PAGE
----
About the wind tunnel idea: many years ago (I was in high school), when I had an R/C plane, I read something by the Wright brothers :oops: about how to get measures in a wind tunnel in a simple way.

They used a hinged balance, with drag (or lift) plates attached to the wing to measure the relationship between drag and lift. For the science fair, I built a drag balance (in 1975!). I don't have the book I used anymore, but I found also this, that you might find useful (I only hope the aerodynamicists around here don't laugh too hard :)):

Lift balance explained:
http://wright.nasa.gov/airplane/balance.html
Image

Drag balance explained:
http://wright.nasa.gov/airplane/balanced.html
Image

AFAIK, the brothers build their wind tunnel in just one day, and used it only for one day, but it was the base of their profile design.

It took me more or less one week to build something similar to the last contraption, and I ran it at the fair with a regular home fan, without a tunnel. :oops:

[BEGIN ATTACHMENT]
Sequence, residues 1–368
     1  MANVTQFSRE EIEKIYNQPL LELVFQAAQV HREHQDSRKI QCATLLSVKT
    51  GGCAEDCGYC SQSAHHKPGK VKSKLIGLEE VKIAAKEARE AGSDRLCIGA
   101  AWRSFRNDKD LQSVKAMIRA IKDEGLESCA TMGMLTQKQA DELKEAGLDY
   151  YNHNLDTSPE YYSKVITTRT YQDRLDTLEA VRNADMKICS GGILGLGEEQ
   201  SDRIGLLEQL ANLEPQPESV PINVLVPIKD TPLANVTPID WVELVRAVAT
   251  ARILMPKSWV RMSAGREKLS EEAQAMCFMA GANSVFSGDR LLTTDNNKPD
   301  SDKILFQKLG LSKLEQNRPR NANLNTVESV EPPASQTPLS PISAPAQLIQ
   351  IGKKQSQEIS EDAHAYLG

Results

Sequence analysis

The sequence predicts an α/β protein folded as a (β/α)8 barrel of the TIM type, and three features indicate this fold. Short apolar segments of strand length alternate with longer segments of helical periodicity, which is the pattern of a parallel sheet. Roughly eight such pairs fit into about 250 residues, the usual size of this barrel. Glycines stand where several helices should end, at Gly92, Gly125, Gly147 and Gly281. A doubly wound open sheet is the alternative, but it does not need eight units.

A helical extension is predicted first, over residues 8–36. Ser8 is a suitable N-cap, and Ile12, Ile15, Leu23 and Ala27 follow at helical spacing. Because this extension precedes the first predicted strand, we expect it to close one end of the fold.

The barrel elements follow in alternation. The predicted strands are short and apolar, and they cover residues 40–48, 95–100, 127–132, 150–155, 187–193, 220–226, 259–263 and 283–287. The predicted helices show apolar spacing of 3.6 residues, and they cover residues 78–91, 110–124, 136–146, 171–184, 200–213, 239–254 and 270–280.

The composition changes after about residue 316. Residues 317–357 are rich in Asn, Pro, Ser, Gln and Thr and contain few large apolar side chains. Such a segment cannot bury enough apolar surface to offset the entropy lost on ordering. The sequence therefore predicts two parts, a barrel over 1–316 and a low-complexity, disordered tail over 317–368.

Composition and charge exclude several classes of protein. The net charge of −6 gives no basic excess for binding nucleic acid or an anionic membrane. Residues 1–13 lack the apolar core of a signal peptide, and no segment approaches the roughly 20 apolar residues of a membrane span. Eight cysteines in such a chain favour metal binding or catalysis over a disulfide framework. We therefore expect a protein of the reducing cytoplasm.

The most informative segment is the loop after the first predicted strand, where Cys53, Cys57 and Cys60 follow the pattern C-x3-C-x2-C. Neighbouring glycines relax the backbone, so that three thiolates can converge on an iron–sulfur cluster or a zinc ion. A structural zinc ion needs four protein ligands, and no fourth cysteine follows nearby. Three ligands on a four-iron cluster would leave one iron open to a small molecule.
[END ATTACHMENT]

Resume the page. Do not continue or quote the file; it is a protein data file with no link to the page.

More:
OOT, I also had a nitromethane simple R/C car at the end of the 90's. I attached a (rather primitive) web cam to it, to race the car. I thought it was going to be really useful to me, because I'm used to karting, and I found very hard to control the car without a "view from the cockpit". It wasn't too good, the radio link was lousy and the image was anything but clear, but I won a couple of races (against less than professional competitors, just a bunch of kids: I was over 40 at that time).

Oh, man, this post has been really embarrassing. :D
Ciro

yzfr7
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Joined: Tue Nov 15, 2005 11:20 am

Re: Aerodynamics with R/C racing cars

Post by yzfr7 » Thu Oct 16, 2008 2:35 pm